If you notice signs of arcing ( soot and discolored or melted portions), you might have to replace the terminal block.

Pigtail Connection and Outlet

Having tight connections doesn’t help us if the wires are connected to the wrong terminals. So take a minute to make sure the pigtail is attached correctly at the terminal block. Make certain that all four (three in some cases) conductors are connected to their proper terminals.

Most dryers have color-coded terminals: Black, Red, White, & Green. Match color for color on the pigtail. Typically, the green conductor on the pigtail will attach to a green screw mounted to the sheet metal frame of the dryer.

dryer pigtail hookup
Courtesy of Jade Learning

Once you’ve verified the proper connections, test the voltage of the wall outlet. this is easy to do and will rule out the possibility of a circuit issue.

With your multimeter set to AC VOLTS, you should get the following readings:

  • Black to Red: +/-240 volts
  • Black to White: +/-120 volts
  • Black to Green: +/-120 volts
  • Red to White: +/-120 volts
  • Red to Green: +/-120 volts
  • White to Green: 0 volts

Ideally, voltage readings should fall within 10% below, and 5% above the numbers above. In other words, between 218 and 252 volts, or between 109 and 126 volts.

If your voltages are within range, great. Even if they’re slightly outside the range, it’s still okay. Your tripping problem lies elsewhere.

Drive Motor

If the drive motor has failed it will short out internally. This can cause the dryer to trip the circuit breaker.

Like other parts, you’ll want to use a multimeter to check if there’s continuity in the drive motor.

If the windings are shorted out, you’ll need to replace motor. See the video below for tips on testing and replacement.

Dryer Keeps Tripping Breaker after 10 Minutes

Weak Circuit Breaker

In many instances, this is caused by a weak breaker. Your breaker should have an amp rating of 30, but your dryer likely only draws a maximum of 21 amps. To test the load draw of your dryer, you’ll use a clamp or fork-style amperage meter around the wire (while the dryer is running).

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This will require removing the electrical panel cover or the dryer terminal cover. This test is done while the circuit is live, so be sure you are competent with basic electrical knowledge before attempting.

If you measure less than 30 amps, yet the breaker trips, the breaker is weak or defective and needs to be replaced. If the amp draw goes above 30 before the breaker trips, the problem is at the dryer, and the breaker is fine.

Heating Element Check

A second problem might be with the heating element if your dryer trips after 10 minutes of operation. This is different from the short-circuited element discussed above.

In this case, it is not due to direct contact between energized and grounded parts of the system. Rather, there is an improper resistance present that is causing the delayed breaker trip.

To test the heating element, remove both lines so that it has no reference to any part of the circuit. Using an ohm meter, check the resistance reading.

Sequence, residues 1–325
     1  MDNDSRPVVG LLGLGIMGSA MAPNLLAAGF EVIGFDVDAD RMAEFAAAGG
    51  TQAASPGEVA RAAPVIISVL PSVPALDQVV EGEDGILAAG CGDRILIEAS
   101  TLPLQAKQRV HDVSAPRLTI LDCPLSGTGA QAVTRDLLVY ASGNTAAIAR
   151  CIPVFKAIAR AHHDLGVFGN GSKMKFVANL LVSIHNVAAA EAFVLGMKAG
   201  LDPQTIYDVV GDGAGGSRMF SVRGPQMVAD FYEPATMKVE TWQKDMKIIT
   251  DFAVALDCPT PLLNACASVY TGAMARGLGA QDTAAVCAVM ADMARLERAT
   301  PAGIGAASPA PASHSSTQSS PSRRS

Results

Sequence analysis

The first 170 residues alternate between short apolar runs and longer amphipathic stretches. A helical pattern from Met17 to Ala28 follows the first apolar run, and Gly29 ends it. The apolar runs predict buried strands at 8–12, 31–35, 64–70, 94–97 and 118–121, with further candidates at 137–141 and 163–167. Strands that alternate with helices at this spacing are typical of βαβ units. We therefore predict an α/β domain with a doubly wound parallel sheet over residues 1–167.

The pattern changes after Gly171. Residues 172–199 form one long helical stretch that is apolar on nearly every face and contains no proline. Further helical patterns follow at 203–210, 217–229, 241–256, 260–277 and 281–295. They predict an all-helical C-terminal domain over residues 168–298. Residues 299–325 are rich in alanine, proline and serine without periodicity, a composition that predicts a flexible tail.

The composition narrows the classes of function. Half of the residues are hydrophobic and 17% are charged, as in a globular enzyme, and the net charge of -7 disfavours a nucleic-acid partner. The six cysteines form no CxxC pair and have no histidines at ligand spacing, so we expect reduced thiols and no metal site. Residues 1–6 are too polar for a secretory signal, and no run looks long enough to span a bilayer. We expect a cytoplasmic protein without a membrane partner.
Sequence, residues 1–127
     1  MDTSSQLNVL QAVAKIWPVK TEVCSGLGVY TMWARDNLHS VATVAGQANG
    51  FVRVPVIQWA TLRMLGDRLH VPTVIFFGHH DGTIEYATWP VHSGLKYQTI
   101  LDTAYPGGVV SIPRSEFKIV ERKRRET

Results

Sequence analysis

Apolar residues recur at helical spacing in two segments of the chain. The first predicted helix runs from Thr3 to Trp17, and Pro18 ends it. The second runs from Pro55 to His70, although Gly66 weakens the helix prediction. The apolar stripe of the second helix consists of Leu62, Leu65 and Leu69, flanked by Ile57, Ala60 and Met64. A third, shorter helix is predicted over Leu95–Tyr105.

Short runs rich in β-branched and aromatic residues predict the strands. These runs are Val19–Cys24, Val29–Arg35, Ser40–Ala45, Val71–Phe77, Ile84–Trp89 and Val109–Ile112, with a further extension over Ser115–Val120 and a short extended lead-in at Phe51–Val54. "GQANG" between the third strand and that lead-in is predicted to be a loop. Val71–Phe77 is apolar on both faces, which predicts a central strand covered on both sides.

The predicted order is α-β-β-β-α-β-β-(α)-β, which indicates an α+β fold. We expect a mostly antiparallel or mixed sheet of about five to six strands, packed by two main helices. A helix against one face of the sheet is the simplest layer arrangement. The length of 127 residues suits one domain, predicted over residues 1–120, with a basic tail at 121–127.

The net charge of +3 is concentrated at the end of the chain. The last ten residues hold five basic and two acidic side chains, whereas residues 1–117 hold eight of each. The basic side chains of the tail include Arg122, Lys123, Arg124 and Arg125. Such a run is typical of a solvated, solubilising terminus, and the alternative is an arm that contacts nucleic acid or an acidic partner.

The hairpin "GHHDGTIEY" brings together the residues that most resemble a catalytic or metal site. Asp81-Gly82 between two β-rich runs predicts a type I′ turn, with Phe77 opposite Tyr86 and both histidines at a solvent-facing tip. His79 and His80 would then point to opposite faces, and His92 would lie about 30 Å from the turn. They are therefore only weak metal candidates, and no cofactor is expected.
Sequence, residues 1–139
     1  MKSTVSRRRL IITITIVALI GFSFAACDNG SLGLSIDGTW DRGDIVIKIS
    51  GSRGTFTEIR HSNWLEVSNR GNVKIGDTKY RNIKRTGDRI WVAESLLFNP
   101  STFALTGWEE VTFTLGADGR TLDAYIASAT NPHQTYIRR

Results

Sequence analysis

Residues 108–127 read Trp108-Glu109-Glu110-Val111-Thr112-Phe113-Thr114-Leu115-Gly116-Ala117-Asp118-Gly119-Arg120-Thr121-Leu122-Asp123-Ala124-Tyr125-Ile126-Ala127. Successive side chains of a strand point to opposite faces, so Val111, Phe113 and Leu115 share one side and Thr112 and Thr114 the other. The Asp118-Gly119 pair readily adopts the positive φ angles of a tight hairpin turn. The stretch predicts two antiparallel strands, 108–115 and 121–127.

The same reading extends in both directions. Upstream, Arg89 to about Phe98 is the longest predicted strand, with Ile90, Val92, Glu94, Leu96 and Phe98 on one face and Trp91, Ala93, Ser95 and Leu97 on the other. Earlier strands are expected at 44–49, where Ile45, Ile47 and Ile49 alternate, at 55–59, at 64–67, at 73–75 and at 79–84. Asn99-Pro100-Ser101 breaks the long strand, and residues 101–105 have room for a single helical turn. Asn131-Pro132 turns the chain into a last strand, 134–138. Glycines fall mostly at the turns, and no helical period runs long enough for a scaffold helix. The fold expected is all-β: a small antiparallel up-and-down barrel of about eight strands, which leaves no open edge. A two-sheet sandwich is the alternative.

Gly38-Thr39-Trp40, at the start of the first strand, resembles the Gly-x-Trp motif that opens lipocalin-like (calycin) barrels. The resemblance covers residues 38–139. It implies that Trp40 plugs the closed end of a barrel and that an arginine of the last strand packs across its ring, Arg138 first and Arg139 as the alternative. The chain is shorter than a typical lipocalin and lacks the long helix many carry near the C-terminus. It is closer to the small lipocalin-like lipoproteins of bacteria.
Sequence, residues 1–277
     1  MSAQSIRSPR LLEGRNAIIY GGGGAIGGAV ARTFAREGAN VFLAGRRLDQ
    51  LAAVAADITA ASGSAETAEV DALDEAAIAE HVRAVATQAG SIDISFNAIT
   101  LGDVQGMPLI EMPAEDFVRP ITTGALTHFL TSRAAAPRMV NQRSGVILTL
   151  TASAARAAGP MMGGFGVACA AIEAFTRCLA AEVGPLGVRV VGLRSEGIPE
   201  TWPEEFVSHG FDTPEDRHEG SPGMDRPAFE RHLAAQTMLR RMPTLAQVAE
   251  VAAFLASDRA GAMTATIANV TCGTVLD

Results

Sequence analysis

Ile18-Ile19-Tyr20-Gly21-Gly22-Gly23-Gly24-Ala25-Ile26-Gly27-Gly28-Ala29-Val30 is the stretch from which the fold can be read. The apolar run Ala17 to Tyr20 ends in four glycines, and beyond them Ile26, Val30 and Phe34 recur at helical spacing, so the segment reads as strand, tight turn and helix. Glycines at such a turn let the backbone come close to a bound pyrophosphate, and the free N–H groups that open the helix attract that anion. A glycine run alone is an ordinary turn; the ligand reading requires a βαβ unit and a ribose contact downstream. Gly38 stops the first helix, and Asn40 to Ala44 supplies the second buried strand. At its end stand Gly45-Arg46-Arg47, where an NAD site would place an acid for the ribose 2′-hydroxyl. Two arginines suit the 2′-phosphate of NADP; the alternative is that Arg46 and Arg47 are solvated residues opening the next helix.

This number should fall between 7.8 to 11.8 ohms of resistance.

If the reading isn’t between these numbers, you might have a faulty heating element. If this is the case, replacing it should resolve the problem.

Too large of Laundry Load (Dryer Keeps Tripping Breaker)

Usually, if you overload your dryer with too much clothing (or blankets, or curtains, or… ), the built-in overheat protection device will shut your dryer off before it trips your breaker. However, if that overheat sensor fails to work properly, the dryer could potentially overheat and trip the breaker.

This is rare and I have never personally witnessed such an occurrence. But it is worth noting, just in case you happen to relate to that statistic.

Read this article on Why A Dryer is Overheating

Conclusion

The above steps should help you figure out why your dryer keeps tripping the breaker. Taking a logical, patient approach will almost always yield favorable results.

Remember to always consult the manual for your specific dryer model. Parts and their locations vary from model to model.

Related: Dryer Moisture sensor Problems

Reader Comments (9)

  1. BOUGHT A BRAND NEW WASHER AND DRYER FOR MY BRANDE NEW HOME GOT IT DELIVERED AND SET UP AND THE DRYER TRIPS MY BREAKER MATTER OF FACT IT TRIPPS INSTANTLY LENNAR HOME IS TRYING TO BLAME CONNS AND I TOLD THEM NO ITS THE LENNAR ELECTICIANS THAT PUT IN A SMALL BREAKER BOX THAT DOESNT HOLD ENOUGHT AMPS FOR A DRYER THEY GIVING ME THE RUN AROUND NOT TRYING TO TAKE THE BLAME BUT LENNAR IS A DAMN LIE NEVER PURCHASE A HOME FROM LENNAR HORRIBLE EXPERIENCE GETTING THE HOME AND STILL AFTER GETTING THE HOME FRUSTATED!!!!!!1

  2. I have a whirlpool electric dryer. Breaker trips after running 5-10 min. It trips on heater leg of 110. Motor will run thru complete cycle with that wire off breaker. Have replaced heating element. Ran several cycles with dryer empty and everything seemed ok. Put in clothes and it tripped breaker after 10 min. Any ideas? Thank you.

  3. I have a problem of a resin dryer that keeps on striping due overheating while the parameters are still within specifications .

  4. Bought a new Speed Queen washer and dryer GFI seems to trip after dryer cycle. Receptacle worked fine in front loader GE I replaced. Any thoughts

    • One of the reasons why GFCI tripped is when there is a spark developed in the circuit. Who knows, if it’s relay contacts or motor’s brushes creating a momentary spark. IDK